Plant and Soil

, Volume 391, Issue 1–2, pp 77–91 | Cite as

Changes in nitrogen and phosphorus limitation during secondary succession in a karst region in southwest China

  • Wei Zhang
  • Jie Zhao
  • Fujing Pan
  • Dejun Li
  • Hongsong Chen
  • Kelin Wang
Regular Article


Background and aims

Nitrogen (N) and/or phosphorus (P) limitation to primary productivity and other biological processes can change in a variety of ways as ecosystems develop. How N limitation and P limitation change from the early to the late stages of a secondary succession following farmland abandonment remains unclear in karst ecosystems in southwest China.


We used community foliar N:P ratio, soil alkaline phosphatase activity (APA) and other indicators of nutrient status (soil organic carbon [SOC], total soil N [TN], and total soil P [TP], Alkali-hydrolyzable N [AN], and available soil phosphorus [AP] concentrations) to examine changes in N and P status during secondary vegetation succession. Four types of plant communities (grasslands, shrublands, secondary forest, and primary forest) represented the early, middle, late, and very late successional stages, respectively.


Community foliar N:P ratio, APA, and APA per unit SOC increased as succession proceeded from the grassland to the secondary and primary forest communities. Moreover, community foliar N:P ratios in the grassland were positively correlated with soil TN, while community foliar N:P ratios in the secondary forest and primary forest were negatively correlated with soil TP, but were not correlated with soil TN. Community foliar N:P ratios in the shrubland were not correlated with either soil TN or TP.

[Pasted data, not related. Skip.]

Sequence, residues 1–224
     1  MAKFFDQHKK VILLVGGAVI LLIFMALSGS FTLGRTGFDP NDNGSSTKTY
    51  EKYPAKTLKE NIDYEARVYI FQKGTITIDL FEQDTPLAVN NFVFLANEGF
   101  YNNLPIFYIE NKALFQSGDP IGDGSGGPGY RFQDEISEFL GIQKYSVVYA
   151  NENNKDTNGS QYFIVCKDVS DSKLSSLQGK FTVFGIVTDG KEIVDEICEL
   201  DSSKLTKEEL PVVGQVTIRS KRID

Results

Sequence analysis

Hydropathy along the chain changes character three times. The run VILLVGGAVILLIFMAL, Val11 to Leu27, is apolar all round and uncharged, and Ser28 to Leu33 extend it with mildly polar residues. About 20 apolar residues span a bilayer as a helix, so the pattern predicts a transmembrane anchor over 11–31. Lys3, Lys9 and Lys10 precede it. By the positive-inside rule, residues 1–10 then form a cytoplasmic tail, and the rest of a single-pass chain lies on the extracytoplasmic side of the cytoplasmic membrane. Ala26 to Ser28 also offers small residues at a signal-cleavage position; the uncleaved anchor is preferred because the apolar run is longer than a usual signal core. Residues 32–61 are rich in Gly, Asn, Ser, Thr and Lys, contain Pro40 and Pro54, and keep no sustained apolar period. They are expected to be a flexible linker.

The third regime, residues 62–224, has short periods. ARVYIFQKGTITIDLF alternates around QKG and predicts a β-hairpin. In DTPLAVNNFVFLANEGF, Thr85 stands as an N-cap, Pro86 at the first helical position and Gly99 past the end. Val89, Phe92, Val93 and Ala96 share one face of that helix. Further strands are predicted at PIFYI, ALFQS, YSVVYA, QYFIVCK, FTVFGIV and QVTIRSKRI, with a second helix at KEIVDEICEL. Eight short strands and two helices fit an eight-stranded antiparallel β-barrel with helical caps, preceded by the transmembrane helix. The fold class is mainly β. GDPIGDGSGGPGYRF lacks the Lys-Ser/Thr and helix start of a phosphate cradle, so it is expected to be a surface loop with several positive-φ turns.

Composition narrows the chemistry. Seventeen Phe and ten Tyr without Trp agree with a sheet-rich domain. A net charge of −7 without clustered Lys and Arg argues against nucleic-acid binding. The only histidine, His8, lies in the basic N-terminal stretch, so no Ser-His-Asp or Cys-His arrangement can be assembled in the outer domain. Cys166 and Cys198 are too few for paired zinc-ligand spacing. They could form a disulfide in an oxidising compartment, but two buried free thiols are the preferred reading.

Our results suggest that the grassland in the karst region of southwest China is N limited, that the secondary and primary forests are P limited, and that the shrubland is constrained by N and P together or by other nutrients.


Nitrogen limitation Phosphorus limitation N:P ratio Phosphatase activity Vegetation succession Karst ecosystems 



Alkaline phosphatase activity


Soil organic carbon



This study was supported by the National Basic Research Program of China (2015CB452703), the Chinese Academy of Sciences through its Hundred Talent Program to Dejun Li, two grants from the National Natural Science Foundation of China (31270555 and 31300448), and a grant from the Western Light Program from CAS to Wei Zhang. We appreciate Dr. Harry Olde Venterink and the anonymous reviewers for their time and constructive comments and suggestions.


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Copyright information

© Springer International Publishing Switzerland 2015

Authors and Affiliations

  • Wei Zhang
    • 1
    • 2
  • Jie Zhao
    • 1
    • 2
  • Fujing Pan
    • 1
    • 2
    • 3
  • Dejun Li
    • 1
    • 2
  • Hongsong Chen
    • 1
    • 2
  • Kelin Wang
    • 1
    • 2
  1. 1.Key Laboratory of Agro-ecological Processes in Subtropical Region, Institute of Subtropical AgricultureChinese Academy of SciencesChangshaChina
  2. 2.Huanjiang Observation and Research Station for Karst EcosystemsChinese Academy of SciencesHuanjiangChina
  3. 3.Graduate School of the Chinese Academy of SciencesBeijingChina

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